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Thanks to the aging of the baby boom generation, the phrases “too little” and “retirement savings” has become almost one word — toolittleretirementsavings. But the real issue is that about half of private-sector employees (55 million workers; many at small businesses) aren’t covered by an employer-sponsored retirement plan.

The popular stereotype is that boomers are lifelong profligates. And the percentage of private-sector workers with such a plan hasn’t budged since 1979. C., no major legislation aimed at boosting coverage has made its way to the President’s desk since 2006.

Its prime beneficiaries: the roughly 6.3 million private-sector employees — nearly two-thirds minority — who work there for companies without retirement plans.

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That was a theme running through a paper by Barbara Butrica and Karen Smith of the Urban Institute presented at the Retirement Research Consortium.

Today, California Governor Jerry Brown is signing into law the state’s Secure Choice Retirement Program (more on that shortly).

When I recently attended the annual Retirement Research Consortium Meeting in Washington D.

Not only would programs like these give more people the ability to save regularly for retirement, they’d likely increase the amount those workers save.

According to the 2016 Employee Benefits Research Institute Retirement Confidence Survey, 67 percent of surveyed workers without retirement plans said their assets totaled less than

That was a theme running through a paper by Barbara Butrica and Karen Smith of the Urban Institute presented at the Retirement Research Consortium.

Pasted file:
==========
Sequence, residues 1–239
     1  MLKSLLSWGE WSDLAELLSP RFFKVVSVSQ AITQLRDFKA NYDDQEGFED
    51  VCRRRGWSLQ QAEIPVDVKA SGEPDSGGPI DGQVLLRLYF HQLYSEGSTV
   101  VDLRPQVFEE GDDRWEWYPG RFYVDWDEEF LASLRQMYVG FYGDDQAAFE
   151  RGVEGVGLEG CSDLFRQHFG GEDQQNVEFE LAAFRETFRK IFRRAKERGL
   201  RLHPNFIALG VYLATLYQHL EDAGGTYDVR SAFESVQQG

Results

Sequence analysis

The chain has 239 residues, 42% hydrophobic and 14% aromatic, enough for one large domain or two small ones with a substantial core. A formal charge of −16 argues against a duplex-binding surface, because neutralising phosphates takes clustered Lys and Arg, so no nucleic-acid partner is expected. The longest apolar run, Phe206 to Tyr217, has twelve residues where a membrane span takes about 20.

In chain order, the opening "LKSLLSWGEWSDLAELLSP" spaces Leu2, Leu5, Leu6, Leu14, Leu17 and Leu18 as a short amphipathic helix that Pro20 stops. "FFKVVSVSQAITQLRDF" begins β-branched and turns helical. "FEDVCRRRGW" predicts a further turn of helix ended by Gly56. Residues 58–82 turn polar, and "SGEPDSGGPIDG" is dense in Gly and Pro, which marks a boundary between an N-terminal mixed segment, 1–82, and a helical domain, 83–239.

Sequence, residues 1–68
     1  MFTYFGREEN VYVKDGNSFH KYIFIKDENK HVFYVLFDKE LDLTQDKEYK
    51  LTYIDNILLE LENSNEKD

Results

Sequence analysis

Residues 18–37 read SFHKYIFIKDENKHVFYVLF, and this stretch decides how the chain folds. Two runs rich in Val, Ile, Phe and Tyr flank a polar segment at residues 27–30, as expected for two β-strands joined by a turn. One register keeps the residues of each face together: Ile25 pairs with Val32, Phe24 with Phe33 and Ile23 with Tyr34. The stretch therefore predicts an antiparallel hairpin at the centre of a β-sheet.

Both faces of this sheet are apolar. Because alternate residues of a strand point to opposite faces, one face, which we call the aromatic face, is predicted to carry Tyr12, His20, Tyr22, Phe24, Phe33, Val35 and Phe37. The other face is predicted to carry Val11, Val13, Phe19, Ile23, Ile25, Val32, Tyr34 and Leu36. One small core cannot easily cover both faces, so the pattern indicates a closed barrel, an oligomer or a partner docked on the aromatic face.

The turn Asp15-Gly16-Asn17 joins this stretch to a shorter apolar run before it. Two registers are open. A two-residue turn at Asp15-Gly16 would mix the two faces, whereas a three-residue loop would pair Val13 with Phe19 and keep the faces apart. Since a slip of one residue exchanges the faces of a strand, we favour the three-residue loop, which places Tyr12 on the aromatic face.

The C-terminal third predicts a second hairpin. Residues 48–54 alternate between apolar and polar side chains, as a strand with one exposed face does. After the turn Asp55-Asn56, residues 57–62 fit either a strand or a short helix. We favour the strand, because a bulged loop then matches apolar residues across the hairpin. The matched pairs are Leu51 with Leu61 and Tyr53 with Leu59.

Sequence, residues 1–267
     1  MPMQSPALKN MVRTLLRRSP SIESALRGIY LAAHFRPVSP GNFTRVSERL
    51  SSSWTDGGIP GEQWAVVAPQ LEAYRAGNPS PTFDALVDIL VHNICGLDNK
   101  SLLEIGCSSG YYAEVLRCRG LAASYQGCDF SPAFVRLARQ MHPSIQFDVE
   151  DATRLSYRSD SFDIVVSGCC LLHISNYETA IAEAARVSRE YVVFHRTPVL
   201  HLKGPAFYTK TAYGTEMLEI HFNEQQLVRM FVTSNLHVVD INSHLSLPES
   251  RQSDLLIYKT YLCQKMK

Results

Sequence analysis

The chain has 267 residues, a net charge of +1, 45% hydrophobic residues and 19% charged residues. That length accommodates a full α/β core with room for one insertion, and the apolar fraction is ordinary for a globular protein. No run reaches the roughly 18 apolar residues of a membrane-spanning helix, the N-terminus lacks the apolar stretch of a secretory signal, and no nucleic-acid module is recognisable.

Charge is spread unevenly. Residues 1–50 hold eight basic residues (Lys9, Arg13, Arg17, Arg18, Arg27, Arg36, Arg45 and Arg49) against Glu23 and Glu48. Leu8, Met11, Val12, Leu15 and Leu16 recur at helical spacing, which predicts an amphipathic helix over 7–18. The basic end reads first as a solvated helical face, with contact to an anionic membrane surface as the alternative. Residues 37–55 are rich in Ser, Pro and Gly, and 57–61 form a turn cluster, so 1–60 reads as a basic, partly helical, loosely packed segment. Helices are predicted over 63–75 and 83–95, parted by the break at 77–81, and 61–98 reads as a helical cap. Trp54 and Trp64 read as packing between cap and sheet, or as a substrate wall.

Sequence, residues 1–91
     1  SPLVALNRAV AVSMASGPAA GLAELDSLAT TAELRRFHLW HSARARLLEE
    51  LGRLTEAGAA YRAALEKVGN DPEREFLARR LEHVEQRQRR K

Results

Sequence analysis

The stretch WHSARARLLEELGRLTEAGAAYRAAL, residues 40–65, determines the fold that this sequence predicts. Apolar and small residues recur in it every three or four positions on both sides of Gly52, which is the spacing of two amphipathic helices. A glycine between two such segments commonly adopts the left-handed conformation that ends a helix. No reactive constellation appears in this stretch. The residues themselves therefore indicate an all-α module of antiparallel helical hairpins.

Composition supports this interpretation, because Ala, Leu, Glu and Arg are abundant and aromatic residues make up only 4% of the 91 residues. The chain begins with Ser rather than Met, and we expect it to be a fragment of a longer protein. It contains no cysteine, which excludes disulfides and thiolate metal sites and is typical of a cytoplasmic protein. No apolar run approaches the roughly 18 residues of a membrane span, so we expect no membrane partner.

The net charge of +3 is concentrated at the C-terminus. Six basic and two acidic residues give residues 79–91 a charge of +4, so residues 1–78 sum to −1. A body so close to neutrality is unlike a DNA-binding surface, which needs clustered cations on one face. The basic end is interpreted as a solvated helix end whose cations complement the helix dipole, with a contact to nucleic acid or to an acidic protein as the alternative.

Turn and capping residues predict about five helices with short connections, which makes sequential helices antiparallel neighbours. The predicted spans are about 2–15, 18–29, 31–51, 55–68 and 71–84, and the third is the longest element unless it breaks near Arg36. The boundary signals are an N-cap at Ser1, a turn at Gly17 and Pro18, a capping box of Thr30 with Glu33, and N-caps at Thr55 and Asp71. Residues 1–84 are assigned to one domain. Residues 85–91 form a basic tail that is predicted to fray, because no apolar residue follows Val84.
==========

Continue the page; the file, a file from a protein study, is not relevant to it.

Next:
Today, California Governor Jerry Brown is signing into law the state’s Secure Choice Retirement Program (more on that shortly).

When I recently attended the annual Retirement Research Consortium Meeting in Washington D.

Not only would programs like these give more people the ability to save regularly for retirement, they’d likely increase the amount those workers save.

According to the 2016 Employee Benefits Research Institute Retirement Confidence Survey, 67 percent of surveyed workers without retirement plans said their assets totaled less than $1,000 in 2015, compared to just 9 percent of ones with retirement plans.

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That was a theme running through a paper by Barbara Butrica and Karen Smith of the Urban Institute presented at the Retirement Research Consortium.Today, California Governor Jerry Brown is signing into law the state’s Secure Choice Retirement Program (more on that shortly).When I recently attended the annual Retirement Research Consortium Meeting in Washington D.Not only would programs like these give more people the ability to save regularly for retirement, they’d likely increase the amount those workers save.According to the 2016 Employee Benefits Research Institute Retirement Confidence Survey, 67 percent of surveyed workers without retirement plans said their assets totaled less than $1,000 in 2015, compared to just 9 percent of ones with retirement plans.

,000 in 2015, compared to just 9 percent of ones with retirement plans.

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